Communicating for Social Change – lessons learnt from public health
A seminar organized jointly by Glocal NOMAD, Danish AIDSNet, ADRA and ENRECA – 4th May 2010 at Fiolstræde 4-6, 1st floor (‘Metro 8′), University of Copenhagen.
A critical academic debate has in recent years been growing as to the possibilities and limitations of commun ication interventions in the health sector. The critique has addressed several issues: shortcomings in the understanding of health as too biomedical; but equally important – a critique of the limitations in the way health communication practitioners conceive of communication as too instrumental and with too limited a focus on individual behaviour change, not taking the complexity of the health challenges into consideration in communication interventions. These debates have led to a fundamental rethinking of the theory and practice of health communication. This comes simultaneously with the proliferation of public and academic attention to public health and to the need of health communication as a central discipline in public health, and consequently as a scientific field. Thus, at the heart of this debate lies the tension between theory and practice in health communication.
The discussions of strengths and weaknesses in health communication have to a large extent been tied to the fight against HIV and AIDS. In response to the complexity of the HIV and AIDS problem, communication responses have increasingly focused on the structural determinants of health, and thus communication for social change has emerged and grown as an approach to health challenges in general and HIV and AIDS in particular. A growing number of scholars have in recent years contributed in innovative ways to the production of new knowledge, gaining new insights into the complexity of the communication challenge surrounding HIV and AIDS but also beyond this theme specificity. A growing range of health related topics, such as polio, tuberculosis, malaria, alcoholism, domestic violence, disaster management and conflict resolution have been engaging in innovative (health) communication practices and analyses. Some of these experiences are those we wish to focus upon with this seminar.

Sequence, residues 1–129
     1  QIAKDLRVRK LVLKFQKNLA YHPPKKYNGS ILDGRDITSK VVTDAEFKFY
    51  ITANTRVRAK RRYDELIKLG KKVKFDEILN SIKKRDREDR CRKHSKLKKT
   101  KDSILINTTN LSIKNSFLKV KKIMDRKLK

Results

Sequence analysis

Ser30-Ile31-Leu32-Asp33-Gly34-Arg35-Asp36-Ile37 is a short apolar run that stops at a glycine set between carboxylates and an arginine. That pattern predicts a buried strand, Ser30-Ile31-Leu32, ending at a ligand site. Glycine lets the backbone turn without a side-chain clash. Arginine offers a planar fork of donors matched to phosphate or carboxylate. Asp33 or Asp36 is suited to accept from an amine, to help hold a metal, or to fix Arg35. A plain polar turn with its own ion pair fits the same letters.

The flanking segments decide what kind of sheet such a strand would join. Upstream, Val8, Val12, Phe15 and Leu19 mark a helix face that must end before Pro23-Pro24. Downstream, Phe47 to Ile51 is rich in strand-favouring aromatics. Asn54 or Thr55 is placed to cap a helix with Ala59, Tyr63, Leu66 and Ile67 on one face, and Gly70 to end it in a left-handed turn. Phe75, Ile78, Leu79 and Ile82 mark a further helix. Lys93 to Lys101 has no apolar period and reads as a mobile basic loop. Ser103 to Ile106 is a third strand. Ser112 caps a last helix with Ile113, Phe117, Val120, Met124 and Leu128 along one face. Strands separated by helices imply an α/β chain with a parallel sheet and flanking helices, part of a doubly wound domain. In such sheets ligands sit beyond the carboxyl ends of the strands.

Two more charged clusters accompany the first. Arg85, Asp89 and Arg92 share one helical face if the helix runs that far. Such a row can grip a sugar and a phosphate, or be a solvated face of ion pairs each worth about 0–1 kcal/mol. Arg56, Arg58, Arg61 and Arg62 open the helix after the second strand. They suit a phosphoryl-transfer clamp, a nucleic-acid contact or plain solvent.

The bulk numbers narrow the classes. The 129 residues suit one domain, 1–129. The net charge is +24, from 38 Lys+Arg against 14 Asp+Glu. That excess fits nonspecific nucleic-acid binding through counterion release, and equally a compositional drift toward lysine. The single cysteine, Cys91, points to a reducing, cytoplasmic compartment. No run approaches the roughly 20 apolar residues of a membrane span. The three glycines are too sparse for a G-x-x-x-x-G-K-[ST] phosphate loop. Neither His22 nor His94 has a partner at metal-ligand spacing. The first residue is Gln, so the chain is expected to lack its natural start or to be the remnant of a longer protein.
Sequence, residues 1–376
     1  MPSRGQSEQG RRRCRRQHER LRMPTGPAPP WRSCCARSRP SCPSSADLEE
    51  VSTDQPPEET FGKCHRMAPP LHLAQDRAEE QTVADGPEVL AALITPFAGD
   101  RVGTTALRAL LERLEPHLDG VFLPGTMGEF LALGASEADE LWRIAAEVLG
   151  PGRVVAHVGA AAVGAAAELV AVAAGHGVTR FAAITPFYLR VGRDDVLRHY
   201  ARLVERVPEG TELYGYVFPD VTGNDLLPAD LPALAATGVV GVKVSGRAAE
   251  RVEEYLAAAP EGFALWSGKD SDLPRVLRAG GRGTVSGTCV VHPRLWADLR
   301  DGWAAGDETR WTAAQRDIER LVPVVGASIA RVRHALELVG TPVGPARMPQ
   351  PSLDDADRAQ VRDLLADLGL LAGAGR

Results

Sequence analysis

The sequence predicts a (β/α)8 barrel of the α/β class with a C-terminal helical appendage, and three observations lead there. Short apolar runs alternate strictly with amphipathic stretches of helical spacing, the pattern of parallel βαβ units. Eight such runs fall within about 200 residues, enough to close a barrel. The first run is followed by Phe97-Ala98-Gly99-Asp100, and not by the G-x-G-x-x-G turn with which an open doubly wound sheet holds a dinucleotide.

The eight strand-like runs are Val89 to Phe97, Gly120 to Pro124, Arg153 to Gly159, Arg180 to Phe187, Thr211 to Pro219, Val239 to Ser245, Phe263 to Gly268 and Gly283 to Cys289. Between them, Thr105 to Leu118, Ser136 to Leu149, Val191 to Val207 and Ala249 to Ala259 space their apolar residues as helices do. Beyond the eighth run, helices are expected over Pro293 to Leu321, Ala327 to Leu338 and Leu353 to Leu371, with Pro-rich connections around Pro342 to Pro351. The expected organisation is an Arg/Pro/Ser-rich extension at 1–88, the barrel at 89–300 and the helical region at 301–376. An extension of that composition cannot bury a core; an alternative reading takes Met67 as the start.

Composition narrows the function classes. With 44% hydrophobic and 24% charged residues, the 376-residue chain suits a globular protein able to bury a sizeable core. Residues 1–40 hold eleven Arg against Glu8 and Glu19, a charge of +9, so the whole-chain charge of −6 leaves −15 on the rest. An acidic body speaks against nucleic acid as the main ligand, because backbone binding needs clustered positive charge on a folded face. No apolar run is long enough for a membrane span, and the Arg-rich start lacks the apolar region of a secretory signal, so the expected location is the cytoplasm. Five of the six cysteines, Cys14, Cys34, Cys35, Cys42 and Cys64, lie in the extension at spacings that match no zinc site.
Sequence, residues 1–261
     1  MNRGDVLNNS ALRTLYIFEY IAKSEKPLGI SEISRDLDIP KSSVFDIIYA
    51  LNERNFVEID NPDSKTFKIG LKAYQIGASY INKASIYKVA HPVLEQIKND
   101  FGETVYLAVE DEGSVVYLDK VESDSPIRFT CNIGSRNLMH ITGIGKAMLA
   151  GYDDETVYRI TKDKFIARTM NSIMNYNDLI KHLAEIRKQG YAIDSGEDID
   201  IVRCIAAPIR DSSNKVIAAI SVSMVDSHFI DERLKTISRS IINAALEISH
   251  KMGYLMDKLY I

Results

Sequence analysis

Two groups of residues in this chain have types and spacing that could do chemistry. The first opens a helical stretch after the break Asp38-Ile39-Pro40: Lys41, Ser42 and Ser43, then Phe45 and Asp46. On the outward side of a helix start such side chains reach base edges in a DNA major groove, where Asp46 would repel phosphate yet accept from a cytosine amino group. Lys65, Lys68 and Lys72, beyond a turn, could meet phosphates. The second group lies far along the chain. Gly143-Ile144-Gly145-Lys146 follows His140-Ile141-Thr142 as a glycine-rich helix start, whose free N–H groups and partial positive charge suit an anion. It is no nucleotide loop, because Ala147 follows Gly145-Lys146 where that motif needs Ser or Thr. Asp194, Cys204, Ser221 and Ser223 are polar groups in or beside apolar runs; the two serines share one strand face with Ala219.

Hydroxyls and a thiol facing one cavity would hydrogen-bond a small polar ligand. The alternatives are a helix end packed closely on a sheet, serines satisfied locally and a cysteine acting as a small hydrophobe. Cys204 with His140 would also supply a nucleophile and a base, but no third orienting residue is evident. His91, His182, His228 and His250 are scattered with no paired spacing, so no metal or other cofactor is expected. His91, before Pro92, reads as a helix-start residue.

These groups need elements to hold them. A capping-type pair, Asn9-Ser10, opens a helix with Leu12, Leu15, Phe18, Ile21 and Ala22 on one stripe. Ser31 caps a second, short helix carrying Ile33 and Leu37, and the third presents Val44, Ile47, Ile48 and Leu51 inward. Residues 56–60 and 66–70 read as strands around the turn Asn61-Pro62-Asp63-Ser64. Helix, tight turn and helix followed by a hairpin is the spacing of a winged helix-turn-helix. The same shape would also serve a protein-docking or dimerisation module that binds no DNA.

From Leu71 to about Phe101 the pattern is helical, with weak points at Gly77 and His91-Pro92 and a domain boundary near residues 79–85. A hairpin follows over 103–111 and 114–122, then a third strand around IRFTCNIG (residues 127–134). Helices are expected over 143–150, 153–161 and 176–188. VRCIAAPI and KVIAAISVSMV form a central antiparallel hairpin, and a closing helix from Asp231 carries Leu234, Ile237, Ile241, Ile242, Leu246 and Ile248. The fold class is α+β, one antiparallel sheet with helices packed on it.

It is in this context this seminar invites you to discuss some of these innovations. We wish to present this recent knowledge production and relate the generated insights to the challenges of health communication practitioners in NGOs, in bilateral programmes and in international agencies. Additionally, while having both practitioners and academics share their experiences, the seminar will also connect these discussions to a policy debate and to a debate about how to improve and qualify the role of health communication in the work of international development cooperation. Therefore, Danida is invited to participate in the closing panel debate.
View the program here.
Participation is free of charge but registration is necessary.
Please send an email with your full name and associated organization/university to firstname.lastname@example.org by 25th April, 2010.
Morning: Opening Lectures
9.00 Welcome by Glocal NOMAD and ADRA
9.20 Pushing the Boundaries of Health Communication: Trends and Challenges
Rafael Obregon, Associate Professor, Ohio University, USA.
10.15 Body Politics: A Rights Perspective on Health and Health Communication
11.00 Coffee Break
11.30 Health Communication: from individual behaviour change to civil society development and participatory governance
Thomas Tufte, Professor, Roskilde University
Afternoon: Presentations of innovative health communication experiences
13.15 ICT4MPOWER: Empowering rural healthcare workers in Uganda
Cecilia Strand, Project Co-ordinator, SPIDER.
13.45 The Voice of Mpemba
Lise Grauenkær, Mette Grøndahl Hansen, Stine Kromann-Larsen.
14.15 Poster session
14.45 Wrap up session